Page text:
Starting early on '84 reforms
If past history is any guide, then by all reckonings the presidential election campaign of 1984 should be starting up in earnest about two years from now -- in 1983. And that, we think the American public would agree, is too early. So it is with an admitted degree of surprise, and a hefty amount of support, that we find Republican national chairman Richard Richard's call for reforming the campaign a step in the right direction.
Only the most inveterate political enthusiast, we suspect, would find the present grueling and cumbersome nominating process anything less than overly long and perhaps unnecessarily costly. The system, involving something like 35 separate primaries, does have some benefits, mainly in that it very quickly tests the stamina and acumen required for late 20th-century presidents.
But Mr. Richards argues that the duration of the campaign is now far too long , and that too much money is spent by independent campaign committees. Mr. Richards would shorten the election process and also curb the "independent expenditure system."
We rather imagine the folks at Common Cause and other citizen-action groups are somewhat startled at the reasonableness of the conservative Mr. Richard's conclusions. And while some reformers, who have long called for the same things , may cynically believe that Mr. Richard's endorsement of campaign reform may as much represent the position of a party in power that wants to help thwart early efforts to unseat it, we choose to believe that it represents a conclusion based on Mr. Richard's own experience at the state level.
Mr. Richards will shortly appoint a special committee to look into the election system. The Democratic Party, and Congress, might be well served by emulating the Republicans on this issue. Among issues deserving special attention are these:
* Should the US adopt regional primaries of some type, or another method of shortening the nomination process, such as coordinated state party conventions?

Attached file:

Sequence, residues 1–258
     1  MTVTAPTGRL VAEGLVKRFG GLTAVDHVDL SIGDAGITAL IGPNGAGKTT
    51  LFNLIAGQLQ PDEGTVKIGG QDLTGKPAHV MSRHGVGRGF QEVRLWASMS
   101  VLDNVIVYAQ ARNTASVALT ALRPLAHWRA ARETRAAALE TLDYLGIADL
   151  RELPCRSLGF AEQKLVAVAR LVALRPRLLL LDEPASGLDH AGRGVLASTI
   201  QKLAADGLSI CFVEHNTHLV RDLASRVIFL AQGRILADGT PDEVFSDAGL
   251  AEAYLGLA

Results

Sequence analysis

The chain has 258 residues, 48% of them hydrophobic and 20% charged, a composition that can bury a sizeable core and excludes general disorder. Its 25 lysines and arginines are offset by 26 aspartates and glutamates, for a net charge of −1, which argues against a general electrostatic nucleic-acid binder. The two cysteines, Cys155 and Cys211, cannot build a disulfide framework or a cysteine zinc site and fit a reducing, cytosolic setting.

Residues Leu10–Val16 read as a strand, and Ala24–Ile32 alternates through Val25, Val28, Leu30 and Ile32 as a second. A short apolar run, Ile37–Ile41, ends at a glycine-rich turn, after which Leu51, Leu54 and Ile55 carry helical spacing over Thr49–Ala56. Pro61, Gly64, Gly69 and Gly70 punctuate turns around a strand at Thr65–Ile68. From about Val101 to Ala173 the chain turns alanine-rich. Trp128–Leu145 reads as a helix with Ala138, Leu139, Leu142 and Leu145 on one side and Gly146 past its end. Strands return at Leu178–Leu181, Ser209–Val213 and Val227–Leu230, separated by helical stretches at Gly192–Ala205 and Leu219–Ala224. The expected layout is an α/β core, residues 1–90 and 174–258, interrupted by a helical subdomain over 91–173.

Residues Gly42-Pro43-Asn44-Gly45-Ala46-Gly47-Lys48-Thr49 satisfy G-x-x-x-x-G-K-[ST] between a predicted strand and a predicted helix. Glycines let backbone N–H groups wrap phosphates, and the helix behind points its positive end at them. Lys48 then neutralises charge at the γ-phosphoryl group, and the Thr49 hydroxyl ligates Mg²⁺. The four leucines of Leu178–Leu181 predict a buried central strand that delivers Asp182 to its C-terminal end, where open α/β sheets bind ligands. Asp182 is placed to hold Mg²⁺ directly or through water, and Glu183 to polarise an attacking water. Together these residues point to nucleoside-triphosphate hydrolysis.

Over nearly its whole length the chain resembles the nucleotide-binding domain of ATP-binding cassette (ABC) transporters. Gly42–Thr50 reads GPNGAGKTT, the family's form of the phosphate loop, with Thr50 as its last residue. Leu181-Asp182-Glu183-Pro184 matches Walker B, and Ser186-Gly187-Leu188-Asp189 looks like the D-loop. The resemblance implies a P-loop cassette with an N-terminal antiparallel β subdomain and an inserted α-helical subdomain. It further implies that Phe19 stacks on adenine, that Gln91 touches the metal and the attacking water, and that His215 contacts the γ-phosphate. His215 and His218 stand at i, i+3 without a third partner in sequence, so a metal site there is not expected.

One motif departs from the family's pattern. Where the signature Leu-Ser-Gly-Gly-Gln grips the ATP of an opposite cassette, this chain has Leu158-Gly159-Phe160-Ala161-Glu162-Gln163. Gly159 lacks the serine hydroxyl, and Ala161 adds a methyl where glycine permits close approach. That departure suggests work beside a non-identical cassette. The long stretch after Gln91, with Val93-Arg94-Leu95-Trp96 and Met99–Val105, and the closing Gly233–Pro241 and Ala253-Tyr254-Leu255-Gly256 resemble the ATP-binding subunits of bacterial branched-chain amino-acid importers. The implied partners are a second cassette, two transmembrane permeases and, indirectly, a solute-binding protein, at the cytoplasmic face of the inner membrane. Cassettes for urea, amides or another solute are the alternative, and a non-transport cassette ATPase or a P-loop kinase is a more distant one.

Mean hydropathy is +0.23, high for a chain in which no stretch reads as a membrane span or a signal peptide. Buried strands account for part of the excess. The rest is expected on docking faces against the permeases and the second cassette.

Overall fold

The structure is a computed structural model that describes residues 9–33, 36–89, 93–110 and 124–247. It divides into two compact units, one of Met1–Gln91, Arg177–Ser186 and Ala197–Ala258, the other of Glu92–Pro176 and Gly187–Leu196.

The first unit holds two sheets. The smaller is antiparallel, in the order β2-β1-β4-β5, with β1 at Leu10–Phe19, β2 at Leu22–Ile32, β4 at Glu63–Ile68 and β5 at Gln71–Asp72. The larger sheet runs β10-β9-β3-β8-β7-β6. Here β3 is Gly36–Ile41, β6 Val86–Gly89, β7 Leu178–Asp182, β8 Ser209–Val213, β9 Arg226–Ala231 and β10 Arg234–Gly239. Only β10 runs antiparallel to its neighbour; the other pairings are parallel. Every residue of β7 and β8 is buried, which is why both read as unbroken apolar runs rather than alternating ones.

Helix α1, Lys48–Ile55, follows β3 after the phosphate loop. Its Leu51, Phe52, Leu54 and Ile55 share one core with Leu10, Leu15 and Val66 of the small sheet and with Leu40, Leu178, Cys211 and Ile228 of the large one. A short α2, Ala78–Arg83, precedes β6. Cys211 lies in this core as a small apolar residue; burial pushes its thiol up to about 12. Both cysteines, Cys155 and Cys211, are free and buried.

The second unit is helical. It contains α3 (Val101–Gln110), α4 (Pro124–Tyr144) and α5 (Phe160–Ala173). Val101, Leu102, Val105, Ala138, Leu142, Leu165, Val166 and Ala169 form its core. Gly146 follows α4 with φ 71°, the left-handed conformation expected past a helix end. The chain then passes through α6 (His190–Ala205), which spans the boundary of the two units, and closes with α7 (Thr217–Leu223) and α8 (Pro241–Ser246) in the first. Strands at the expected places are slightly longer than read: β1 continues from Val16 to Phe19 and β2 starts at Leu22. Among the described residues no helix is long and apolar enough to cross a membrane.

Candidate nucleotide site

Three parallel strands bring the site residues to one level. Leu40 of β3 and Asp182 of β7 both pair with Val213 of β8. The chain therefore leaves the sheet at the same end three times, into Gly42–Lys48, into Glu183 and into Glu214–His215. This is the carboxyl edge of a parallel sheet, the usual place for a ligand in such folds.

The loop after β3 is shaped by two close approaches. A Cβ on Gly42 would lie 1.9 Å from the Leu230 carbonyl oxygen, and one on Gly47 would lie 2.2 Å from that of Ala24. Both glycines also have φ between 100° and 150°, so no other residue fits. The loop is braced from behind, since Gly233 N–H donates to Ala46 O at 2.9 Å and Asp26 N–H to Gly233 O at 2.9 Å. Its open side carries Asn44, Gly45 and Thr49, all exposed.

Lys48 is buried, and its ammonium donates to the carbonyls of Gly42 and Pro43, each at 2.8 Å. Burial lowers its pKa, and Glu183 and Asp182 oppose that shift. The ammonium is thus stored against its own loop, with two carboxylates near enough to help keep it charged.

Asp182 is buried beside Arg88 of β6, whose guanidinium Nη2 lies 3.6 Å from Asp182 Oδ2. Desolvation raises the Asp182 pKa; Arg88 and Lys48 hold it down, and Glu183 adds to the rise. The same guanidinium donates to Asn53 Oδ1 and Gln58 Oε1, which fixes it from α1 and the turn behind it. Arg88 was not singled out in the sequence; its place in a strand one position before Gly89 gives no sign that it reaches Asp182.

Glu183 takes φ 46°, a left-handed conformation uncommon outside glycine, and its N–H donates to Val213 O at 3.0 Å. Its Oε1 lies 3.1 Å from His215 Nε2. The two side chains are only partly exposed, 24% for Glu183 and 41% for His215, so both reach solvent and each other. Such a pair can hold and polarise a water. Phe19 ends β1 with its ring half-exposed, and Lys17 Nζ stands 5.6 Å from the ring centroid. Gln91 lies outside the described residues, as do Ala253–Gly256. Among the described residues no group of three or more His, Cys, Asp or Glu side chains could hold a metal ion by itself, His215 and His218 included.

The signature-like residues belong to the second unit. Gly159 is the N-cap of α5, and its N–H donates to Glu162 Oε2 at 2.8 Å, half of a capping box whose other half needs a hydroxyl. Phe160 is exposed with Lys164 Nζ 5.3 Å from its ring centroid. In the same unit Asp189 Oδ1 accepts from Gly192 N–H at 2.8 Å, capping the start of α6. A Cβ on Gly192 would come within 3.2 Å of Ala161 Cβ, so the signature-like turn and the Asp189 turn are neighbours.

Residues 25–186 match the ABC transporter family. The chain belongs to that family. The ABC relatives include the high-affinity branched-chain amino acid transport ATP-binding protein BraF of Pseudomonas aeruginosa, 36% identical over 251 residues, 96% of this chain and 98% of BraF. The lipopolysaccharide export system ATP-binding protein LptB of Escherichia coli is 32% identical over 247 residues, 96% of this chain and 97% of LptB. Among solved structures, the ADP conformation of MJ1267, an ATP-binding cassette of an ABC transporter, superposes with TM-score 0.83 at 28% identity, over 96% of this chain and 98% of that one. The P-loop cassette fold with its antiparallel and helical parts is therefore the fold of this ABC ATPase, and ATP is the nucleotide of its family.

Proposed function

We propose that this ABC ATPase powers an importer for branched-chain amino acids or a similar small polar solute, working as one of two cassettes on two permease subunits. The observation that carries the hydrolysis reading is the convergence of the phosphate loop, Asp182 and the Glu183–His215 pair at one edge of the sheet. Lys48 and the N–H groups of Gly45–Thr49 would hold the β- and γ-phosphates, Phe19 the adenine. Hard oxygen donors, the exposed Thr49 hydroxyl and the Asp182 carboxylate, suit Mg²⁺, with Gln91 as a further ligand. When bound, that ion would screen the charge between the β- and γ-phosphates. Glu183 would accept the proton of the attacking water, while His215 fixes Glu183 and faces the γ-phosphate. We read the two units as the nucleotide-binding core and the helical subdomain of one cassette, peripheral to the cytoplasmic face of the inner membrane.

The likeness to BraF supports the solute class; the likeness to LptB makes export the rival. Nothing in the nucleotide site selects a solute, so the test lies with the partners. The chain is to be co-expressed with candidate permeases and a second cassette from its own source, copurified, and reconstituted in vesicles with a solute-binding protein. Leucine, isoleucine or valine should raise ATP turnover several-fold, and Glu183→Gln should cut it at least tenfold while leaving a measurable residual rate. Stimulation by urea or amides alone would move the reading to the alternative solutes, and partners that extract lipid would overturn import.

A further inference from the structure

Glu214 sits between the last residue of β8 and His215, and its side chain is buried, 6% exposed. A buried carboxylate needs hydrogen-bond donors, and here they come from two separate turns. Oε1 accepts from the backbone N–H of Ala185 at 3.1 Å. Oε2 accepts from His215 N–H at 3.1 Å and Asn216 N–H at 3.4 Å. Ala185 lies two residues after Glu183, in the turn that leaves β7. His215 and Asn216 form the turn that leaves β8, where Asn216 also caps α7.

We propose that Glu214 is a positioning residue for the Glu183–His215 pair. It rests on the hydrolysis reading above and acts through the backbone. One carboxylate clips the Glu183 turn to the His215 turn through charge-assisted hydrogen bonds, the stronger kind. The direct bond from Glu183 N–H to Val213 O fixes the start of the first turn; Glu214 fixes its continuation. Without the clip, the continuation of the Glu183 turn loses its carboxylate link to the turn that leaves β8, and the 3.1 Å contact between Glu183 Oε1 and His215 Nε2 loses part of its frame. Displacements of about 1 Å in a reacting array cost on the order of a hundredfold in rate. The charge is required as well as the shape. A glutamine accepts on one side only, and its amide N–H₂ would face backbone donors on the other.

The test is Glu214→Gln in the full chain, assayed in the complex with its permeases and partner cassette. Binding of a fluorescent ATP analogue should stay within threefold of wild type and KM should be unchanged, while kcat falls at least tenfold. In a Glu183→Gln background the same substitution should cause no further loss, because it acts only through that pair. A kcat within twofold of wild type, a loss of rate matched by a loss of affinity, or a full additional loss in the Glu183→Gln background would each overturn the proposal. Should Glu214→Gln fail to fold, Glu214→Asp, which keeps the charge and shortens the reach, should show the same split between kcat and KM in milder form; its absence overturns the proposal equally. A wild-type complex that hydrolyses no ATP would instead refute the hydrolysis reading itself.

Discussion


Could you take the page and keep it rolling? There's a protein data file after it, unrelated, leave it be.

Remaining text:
* Should the current $1,000 limitation on individual contributions be kept the same, or increased? The amount has not changed since 1974. And what about the many independent action groups, and individuals, who altogether raised and disbursed millions of dollars in the last election? Are any controls needed?
* Should, in fact, controls be imposed on independent groups, which tend to support GOP candidates, without also imposing new controls on unions which, (it is no secret), tend to support Democrats?
* What about forecasting election results before polls have closed? In Canada, results from the eastern region cannot be reported in other regions of that nation until their own local polls have closed. One election expert believes that as many as 280,000 voters may have stayed away from the California polls in the 1980 election because of early television forecasting of the Reagan victory. Yet, that could have meant a shift of something like 6,500 votes in each congressional district, where local contests were often close. In 1980 the forecasting may have worked in favor of Republicans. But the opposite could conceivably be the case in future elections.
The US presidential election campaign is too long. Mr. Richards deserves plaudits for proposing reform at this time, well before the next campaign is underway, and changes would have to be deferred until -- would you believe? -- the election of 1988.